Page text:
in the introductory chapter summarized Aristotles theory in a few words, and restored the legitimacy of the either/or condition. What in general, then, is a mixt? Some bodies, the one different from the other, are brought into contact. Gradually they disappear, they cease to exist, and in their place a new body is formed, distinguished by its properties from each of the elements, which produced it by their disappearance. In this mixt, the elements no longer have any actual existence. They exist there only potentially, because on destruction the mixt can regenerate them. 8 Duhem mainly reproached atomistic explanations for assuming that the properties of compounds could be deduced from those of constituent elements or atoms. His criticism also encompassed Lavoisiers notion of element as simple substance, since elements are not conserved as such in chemical reactions. Emile Meyerson indirectly addressed the same issue although, unlike Duhem, he claimed that chemists could not dispense with the existence of atoms. He nevertheless pointed out the either/or issue involved in chemical equations. When chemists write the equation Na + Cl = Na Cl, they obviously presuppose the conservation of matter.9 However taken literally, a chemical equation is a non-sense. In assuming that the addition of a soft metal like sodium and a greenish gas like chlorine equates a colorless salt, chemists seem to be oblivious of the very conditions of their laboratory practice. Although they continuously play on the potentialities of various individual substances and take advantage of their differences, they admit that the compound equals the sum of initial ingredients. Thus chemistry seems to be moved by two antagonist forces. On the one hand, chemists aim at reducing the qualititative diversity of substances to identity. They would like to deduce their empirical data from an ultimate hidden cause in order to satisfy their rational tendency to identification, in Meyersons terminology. 10 Chemical equations balancing inputs and outputs of chemical reactions are the best expression of this effort towards identification. They presuppose the permanence through chemical changes, or the conservation of elements in chemical reactions. However the diversity of substances and their idiosyncratic behaviors are the raison dtre of chemical practices. There would be no chemical reactions without a diversity of substances with individual properties and without a diversity of processes of reaction. So chemists have no choice but to face irrationals (in Meyersons terminology). They sense that it is useless to get to the bottom, and hopeless to try reducing them. Surprising fact is the phrase that Linus Pauling used to express a similar view in his elementary textbook College Chemistry: That the substance salt is composed of a metal (sodium) and a corrosive gas (chlorine) with properties quite different from its own properties is one of the many surprising facts about the nature ofsubstances that chemists have discovered. 11 Although he was a staunch advocate and propagandist of electronic theories of valence, Pauling still emphasized the Aristotelian puzzle and defined chemistry as the study of individual substances. Chemists study substances, in order to learn as much as they can about their properties (their characteristic qualities) and about the reactions that change them into other substances.12 The tension between the two conflicting views of chemical combinations is not necessarily to be understood as a fight between the rational and the irrational, or as a contrast between a rational tendency and a more pragmatic tendency. After all, atomic theories do not hold the monopoly of rationality.13 Moreover, atomic notions, and molecular models are man-made artifacts, tools forged for theoretical and practical purposes.14 Nevertheless the tension is essential. None of the two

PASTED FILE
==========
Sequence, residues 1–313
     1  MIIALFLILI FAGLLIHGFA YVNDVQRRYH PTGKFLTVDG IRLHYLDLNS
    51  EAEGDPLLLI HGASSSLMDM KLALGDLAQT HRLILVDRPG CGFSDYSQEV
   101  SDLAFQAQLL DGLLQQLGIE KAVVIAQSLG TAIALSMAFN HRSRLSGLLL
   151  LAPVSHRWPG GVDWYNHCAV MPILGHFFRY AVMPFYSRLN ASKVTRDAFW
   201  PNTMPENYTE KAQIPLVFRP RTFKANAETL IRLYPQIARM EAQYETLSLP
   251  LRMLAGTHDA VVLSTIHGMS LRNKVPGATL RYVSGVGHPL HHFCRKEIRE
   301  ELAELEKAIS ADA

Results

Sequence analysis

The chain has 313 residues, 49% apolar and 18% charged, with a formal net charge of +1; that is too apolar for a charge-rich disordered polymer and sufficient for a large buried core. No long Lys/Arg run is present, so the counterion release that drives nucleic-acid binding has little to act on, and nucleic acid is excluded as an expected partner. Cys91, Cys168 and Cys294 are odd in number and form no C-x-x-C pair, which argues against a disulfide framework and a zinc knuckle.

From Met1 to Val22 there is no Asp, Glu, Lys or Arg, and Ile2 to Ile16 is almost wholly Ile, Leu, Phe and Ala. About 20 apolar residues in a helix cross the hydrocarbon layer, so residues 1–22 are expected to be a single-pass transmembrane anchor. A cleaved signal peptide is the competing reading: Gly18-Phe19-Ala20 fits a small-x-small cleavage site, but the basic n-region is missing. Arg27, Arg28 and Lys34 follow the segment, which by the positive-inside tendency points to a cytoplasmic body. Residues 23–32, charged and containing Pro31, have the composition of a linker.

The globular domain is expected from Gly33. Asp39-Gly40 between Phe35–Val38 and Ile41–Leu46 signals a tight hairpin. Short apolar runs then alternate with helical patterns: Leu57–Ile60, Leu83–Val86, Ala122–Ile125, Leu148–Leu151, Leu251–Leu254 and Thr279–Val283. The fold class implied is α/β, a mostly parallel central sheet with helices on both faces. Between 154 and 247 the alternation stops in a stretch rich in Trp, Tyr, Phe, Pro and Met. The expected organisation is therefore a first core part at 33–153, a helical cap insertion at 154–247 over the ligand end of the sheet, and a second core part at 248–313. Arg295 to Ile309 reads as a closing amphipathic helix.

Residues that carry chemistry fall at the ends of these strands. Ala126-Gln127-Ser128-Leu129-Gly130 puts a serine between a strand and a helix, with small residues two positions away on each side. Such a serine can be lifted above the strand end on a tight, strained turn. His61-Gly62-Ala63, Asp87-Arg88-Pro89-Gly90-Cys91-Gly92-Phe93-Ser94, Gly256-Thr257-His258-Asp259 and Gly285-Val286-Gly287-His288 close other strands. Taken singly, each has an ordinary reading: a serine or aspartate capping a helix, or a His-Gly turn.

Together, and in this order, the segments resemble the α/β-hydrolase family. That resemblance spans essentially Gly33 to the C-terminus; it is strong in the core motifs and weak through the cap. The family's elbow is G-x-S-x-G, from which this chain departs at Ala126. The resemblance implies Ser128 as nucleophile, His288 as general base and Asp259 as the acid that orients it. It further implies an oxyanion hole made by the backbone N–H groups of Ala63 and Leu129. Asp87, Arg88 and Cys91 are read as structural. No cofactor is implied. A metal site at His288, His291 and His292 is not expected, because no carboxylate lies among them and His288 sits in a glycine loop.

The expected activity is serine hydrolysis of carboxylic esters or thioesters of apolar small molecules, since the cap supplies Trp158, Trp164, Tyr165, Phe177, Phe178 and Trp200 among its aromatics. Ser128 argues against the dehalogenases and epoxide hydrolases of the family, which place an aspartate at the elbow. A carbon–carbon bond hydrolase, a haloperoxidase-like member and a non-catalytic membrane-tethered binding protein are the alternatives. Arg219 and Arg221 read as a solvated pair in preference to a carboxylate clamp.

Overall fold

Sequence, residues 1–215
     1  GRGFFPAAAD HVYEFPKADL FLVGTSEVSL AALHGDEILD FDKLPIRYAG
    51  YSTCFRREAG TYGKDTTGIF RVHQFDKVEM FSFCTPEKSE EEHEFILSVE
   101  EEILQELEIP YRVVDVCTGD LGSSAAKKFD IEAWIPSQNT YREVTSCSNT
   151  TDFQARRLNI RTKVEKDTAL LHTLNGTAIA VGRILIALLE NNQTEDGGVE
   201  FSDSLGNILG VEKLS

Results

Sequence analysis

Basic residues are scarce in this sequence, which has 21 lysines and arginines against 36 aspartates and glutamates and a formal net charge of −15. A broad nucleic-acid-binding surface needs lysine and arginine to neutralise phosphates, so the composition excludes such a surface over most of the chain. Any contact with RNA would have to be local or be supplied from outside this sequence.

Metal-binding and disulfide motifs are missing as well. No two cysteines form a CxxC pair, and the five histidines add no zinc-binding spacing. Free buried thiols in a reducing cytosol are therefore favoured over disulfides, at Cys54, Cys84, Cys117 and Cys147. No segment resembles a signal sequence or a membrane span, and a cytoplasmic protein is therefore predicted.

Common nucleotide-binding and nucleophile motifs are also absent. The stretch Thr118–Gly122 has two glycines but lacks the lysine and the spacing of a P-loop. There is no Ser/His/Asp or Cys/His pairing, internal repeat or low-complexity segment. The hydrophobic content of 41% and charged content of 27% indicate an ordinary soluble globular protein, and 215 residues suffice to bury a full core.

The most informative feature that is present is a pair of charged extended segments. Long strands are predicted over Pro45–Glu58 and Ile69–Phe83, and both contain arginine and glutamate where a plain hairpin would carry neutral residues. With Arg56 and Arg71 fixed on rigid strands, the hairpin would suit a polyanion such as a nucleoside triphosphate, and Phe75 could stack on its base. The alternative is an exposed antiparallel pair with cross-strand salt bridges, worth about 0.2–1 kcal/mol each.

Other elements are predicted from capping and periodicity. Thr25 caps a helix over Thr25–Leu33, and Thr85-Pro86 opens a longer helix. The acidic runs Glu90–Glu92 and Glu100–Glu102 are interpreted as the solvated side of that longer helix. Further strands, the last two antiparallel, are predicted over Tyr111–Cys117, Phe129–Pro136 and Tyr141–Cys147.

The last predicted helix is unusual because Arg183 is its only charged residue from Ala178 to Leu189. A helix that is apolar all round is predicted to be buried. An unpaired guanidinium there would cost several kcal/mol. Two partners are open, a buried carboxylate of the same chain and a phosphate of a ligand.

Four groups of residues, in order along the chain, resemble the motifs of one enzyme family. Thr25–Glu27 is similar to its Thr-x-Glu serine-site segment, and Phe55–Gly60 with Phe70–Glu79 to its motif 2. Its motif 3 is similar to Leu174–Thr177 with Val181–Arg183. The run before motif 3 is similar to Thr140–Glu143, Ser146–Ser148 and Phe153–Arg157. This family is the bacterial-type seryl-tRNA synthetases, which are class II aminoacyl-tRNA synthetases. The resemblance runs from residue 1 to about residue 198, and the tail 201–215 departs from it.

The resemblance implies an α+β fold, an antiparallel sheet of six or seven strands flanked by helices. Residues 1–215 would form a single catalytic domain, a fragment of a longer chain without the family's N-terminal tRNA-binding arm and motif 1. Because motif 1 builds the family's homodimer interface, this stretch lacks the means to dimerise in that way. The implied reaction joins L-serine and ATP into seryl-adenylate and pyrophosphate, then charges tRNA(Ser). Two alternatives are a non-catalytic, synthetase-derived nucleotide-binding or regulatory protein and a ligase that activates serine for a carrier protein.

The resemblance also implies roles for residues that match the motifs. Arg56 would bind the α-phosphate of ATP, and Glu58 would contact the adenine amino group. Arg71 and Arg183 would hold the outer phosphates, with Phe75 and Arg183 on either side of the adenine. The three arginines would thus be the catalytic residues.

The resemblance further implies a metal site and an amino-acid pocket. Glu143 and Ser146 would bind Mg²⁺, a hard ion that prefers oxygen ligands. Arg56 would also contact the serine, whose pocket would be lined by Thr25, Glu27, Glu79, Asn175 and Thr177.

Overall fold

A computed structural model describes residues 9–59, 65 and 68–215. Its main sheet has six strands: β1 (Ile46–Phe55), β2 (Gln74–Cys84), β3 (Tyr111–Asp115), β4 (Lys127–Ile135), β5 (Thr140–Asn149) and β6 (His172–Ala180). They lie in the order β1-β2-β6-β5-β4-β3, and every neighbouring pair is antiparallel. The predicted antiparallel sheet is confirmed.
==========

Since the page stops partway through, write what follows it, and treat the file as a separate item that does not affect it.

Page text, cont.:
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Duhem, 1902, p. 5 Meyerson (1931) 54-55, p. 84-85 10 Meyerson, Emile (1931) 112 p. 191-93 11 Pauling (1950) p. 4

Pauling (1950) ibid. Meyerson convincingly argues that Stahls doctrine of qualitative principles was more rational than Lavoisiers theory because Stahl assumed the conservation not only of the quantity of matter but also of qualities such as combustibility. See Meyerson, 1921 appendix II The resistance to Lavoisiers theory. 14 Meyerson himself presented atoms as artefacts. See